Steppers almost never are the problem. They are much simpler than they look. Wiring is more common and the trickiest is the little grub screws coming loose on the pulleys and couplers.

I’d follow Jeff’s advice on slowing down especially on you z axis as that will effect your torque which could explain your z issues.

I home up on z (more accurately I square z up) using sensorless homing but I do have coupler protectors. It’s finicky to set up the homing sensitivity and each axis will be different but works great once you get it tuned.

The way I do it is to use a macro in cnc.js

home x and y first,
square z up
Move xy to corner of spoil board
Reset xy
Do a relative z move to predetermined height.
Reset z

Then do a downward home for z and reset z again.

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If you want to continue to home at z max then How will it know it has hit the limit? Sensorless homing? Like they said that is very difficult to tune and it is like chasing a rabbit. Once you tune it other variables like motor temp can throw off your fine tuning. For Z I strongly suggest an end switch, probe or touch plate.
If you are not pulling out of the t8 nut then the next most likely situation is like Jeffe suggested. The coupler is slipping. Careful you might break it.

When other printers are trying to square themselves they sometimes crash into the z top on both sides but they only do this after they reduce the motor current down with GCode to make it so they don’t damage the machine. Then they crash to the top so they know they are square. But that doesn’t help them know where z “home” is. On a cnc machine square is relative to the table top so the tops of your Z might not be a good indication of square.

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Thank you all very much for the advices!

I will reduce the speed, check the grub screws again and install some endstops on the z-axis and try it again. May be I will also solder the steppers with JST connectors to be 100% sure that the wiring is not the problem.

I have also ordered such couplers few days ago:

Do you think it make sense to change them? I have the feeling that the current one are different stretched. The one seems to be weaker than the other. In the moment I use these here:

Hope I can report next week some good news:)

@jeffeb3 how do you start squared? If I start my machine and make a move on the z axis from a squared parking position the one side is always few mm higher than the other. It’s always the same side which is lower, which also drops.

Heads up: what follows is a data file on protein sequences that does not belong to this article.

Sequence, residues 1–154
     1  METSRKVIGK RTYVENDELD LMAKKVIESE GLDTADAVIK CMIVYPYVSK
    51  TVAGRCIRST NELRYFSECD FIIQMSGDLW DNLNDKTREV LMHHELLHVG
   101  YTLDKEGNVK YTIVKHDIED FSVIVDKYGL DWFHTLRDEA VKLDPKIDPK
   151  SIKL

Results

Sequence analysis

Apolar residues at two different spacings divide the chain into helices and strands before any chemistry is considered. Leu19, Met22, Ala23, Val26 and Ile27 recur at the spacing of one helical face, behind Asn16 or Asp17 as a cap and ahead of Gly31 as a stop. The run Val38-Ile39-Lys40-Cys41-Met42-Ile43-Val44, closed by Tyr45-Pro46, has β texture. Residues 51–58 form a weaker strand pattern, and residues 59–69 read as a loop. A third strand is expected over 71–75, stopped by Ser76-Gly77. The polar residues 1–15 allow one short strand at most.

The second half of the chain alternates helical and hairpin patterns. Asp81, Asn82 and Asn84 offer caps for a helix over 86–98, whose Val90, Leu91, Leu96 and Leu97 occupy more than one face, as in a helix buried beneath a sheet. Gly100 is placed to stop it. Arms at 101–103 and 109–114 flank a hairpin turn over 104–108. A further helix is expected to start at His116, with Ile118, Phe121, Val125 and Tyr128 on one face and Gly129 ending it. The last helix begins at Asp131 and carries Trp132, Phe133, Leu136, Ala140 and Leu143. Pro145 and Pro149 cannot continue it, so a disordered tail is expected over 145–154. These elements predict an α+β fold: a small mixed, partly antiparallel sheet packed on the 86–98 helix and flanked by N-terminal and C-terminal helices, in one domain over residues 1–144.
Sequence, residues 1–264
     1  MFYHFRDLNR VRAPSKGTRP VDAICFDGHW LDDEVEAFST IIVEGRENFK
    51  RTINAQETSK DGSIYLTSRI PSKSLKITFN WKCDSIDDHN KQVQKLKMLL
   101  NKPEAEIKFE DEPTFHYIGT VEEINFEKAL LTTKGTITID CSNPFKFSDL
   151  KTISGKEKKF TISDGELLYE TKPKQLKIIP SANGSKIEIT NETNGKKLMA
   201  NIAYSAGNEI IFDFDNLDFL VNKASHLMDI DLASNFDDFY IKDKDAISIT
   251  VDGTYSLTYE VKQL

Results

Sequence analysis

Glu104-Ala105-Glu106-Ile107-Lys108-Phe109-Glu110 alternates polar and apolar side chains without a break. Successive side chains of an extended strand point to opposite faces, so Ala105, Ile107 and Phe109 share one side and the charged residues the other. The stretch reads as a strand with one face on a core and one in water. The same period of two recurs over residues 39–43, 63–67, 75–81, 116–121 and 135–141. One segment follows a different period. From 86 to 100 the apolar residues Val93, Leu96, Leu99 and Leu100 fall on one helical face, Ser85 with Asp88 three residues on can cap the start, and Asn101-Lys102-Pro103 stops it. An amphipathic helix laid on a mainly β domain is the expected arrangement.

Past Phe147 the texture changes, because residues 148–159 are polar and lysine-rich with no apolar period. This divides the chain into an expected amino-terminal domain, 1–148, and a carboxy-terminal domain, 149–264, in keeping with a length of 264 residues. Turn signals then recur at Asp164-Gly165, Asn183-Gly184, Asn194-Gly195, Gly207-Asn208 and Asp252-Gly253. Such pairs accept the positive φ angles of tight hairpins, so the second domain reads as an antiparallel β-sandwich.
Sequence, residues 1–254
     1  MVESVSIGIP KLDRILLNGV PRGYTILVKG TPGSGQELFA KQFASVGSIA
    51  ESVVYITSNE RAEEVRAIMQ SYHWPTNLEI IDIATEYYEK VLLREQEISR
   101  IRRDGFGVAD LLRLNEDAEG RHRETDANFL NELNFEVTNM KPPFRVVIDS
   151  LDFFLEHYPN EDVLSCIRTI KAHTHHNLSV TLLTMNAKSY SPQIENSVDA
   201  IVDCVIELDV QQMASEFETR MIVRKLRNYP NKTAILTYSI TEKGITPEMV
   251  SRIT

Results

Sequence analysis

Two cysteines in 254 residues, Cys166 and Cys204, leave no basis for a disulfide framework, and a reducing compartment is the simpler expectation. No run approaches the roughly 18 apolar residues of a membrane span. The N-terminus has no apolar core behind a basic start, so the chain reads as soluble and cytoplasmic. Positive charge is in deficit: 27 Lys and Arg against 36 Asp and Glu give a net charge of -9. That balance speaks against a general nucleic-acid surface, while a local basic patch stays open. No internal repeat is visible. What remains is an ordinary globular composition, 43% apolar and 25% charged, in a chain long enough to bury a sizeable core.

I‘ll check if the one start moving earlier or this behavior is because the coupler is weaker. Still not sure how to do this…

I’m not able to use smaller bits than 6mm, because I have the Makita router which just have a mount for 6 & 8mm. I did not found a adapter for smaller ones. Which speed would you suggest for that test?

I have the spring looking couplers in your photo. The motor shaft is touching the leadscrew inside, so they are always the same length, unless they get pulled (which I try to avoid and the weight of the router helps).

Before I start I move the factory to one end of the table. I made sure the table was square. If it wasn’t, I would have to add some blocks of something. I reach under each end and give the leadscrew a small twist. That end rides a few mm and rests back at zero. Then I engage the motors and move away from zero.

The settings in estlcam basics are 15mm/s xy, 3mm/s z and 1mm step down. For a 6mm bit, start with a slower xy, like 8mm/s. Those are conservative settings. You should have no trouble and then you can test going deeper first and then speed up the xy and then the Z, but that’s not much help.

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I think that’s the point I did overseen. I will check this also! Thank you very much for your help!

After a lot of work and sweating I’m able to home and square my lowrider and the accuracy got a little better.

I have installed two Endstops for the z axis and a touch plate. The y and the x axis I still would like to use sensorless homing.

But it’s still not as well as I would expect:

  1. If I use G38.2 F50 Z-50 the axis moves different lengths. One time it is 2mm one 20mm. Never 50mm. I have to repeat this command about 20 to 30 times until it touched the plate. But than it’s done:). I didn’t found such behavior in the forum or somewhere else. Does anyone have an idea?